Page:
Medicare Advantage (formerly Medicare Part C and Medicare+Choice) has grown from 2.3 million beneficiaries in 1994 to 11.7 million (1 in 4 beneficiaries) in 2011.8 Over these years, the predominant plan type was health maintenance organization (HMO) plans, while preferred provider organization (PPO) and private fee-for-service (PFFS) plans have grown in the last decade.9 Each year, CMS publishes a benchmark payment rate for every county based on its history of traditional fee-for-service Medicare spending in that county. A plan may serve (compete in) multiple counties, but may submit only 1 bid.
If the bid exceeds the average benchmark faced by the plan (calculated using its projected enrollment across counties), the plan receives only the benchmark amount and must collect the difference by charging beneficiaries a premium. If, however, the bid is below the benchmark—almost always the case—CMS pays the plan its bid plus 75% of the difference between the bid and benchmark, which the plan must give back to beneficiaries as a rebate.10 Rebates may include additional benefits or lower Medicare Part B (or Part D) premiums. The other 25% of the difference is returned to the Medicare program (Figure 1).
While the county benchmark aims to reflect Medicare Advantage plan costs, there are several reasons why the benchmark may not accurately capture true plan costs (in which case plans may bid differently from the benchmark). First, the benchmark for paying Medicare Advantage plans is calculated from fee-for-service Medicare costs rather than Medicare Advantage costs. The fee-for-service program is different from managed care plans in many ways that affect spending. Additionally, the beneficiary populations may be different. Second, the benchmark for any year (t) is estimated using fee-for-service Medicare costs from a 5-year period spanning t-8 to t-3 prior to the benchmark year. Thus, spending in the 2 years prior to any benchmark year is not included in the estimate. Moreover, various nuances of the formula for calculating benchmarks may produce differences from actual plan costs.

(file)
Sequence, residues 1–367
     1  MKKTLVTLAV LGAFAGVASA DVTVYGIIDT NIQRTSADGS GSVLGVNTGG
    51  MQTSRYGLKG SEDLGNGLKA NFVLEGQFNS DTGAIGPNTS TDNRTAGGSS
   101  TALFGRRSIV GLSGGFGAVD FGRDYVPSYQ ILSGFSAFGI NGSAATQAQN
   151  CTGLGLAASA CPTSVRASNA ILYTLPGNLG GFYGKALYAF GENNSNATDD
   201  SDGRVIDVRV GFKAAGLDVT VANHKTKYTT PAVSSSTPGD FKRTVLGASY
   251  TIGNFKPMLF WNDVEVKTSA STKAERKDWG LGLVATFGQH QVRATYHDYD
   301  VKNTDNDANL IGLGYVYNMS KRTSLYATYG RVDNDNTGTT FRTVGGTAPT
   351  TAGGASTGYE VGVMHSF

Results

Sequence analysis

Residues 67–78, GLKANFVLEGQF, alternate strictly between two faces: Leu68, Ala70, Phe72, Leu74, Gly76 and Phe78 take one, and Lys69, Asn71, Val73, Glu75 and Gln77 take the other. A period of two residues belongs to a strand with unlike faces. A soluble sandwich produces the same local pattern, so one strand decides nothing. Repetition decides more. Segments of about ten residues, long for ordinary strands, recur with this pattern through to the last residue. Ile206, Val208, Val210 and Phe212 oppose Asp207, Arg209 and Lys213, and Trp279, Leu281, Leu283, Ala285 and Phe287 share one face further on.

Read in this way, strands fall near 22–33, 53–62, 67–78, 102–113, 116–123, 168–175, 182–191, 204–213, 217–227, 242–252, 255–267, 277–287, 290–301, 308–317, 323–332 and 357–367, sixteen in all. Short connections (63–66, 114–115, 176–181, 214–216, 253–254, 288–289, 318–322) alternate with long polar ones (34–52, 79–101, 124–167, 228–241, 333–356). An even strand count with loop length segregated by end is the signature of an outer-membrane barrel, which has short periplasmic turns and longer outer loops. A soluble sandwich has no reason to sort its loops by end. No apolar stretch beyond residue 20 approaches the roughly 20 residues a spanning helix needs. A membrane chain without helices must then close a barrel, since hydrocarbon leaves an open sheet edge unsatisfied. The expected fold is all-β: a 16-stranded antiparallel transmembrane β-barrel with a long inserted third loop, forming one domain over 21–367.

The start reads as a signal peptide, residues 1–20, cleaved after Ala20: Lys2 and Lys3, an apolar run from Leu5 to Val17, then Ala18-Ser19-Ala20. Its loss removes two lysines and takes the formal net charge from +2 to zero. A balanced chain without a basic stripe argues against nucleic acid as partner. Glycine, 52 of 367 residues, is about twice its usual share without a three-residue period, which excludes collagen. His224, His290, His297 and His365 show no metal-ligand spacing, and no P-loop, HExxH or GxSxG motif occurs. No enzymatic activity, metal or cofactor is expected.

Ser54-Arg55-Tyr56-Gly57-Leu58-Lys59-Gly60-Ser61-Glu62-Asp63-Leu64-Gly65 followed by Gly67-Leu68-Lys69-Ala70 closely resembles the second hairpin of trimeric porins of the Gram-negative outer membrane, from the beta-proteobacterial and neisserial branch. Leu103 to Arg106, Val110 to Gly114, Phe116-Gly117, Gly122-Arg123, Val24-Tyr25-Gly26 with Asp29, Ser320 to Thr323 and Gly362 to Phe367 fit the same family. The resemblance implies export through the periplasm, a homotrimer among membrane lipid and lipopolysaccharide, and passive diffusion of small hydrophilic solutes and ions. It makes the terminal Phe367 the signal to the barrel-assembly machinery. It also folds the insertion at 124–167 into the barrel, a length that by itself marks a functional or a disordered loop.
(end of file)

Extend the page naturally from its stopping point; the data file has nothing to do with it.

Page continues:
Data and Variables
We analyzed county-level and plan-level Medicare Advantage payment data from CMS for 2006 through 2010. We also used county-level published benchmark rates and actual county-level fee-for-service costs. Since actual fee-for-service costs are only available through 2009, our baseline analysis uses 2006-2009 data. CMS calculates county benchmarks by using the fee-for-service Medicare spending in a county from a 5-year period (8 years ago to 3 years ago) and trending that amount forward using the growth rate in that 5-year period. This lag, as well as various special provisions of the rules determining benchmark rates,8,10 results in benchmark updates that are not highly correlated with actual changes in costs at the county level. In addition, we used public CMS data on plan location and enrollment by county in each year. We merged these public data sets to create a unique Medicare Advantage market centered on each county.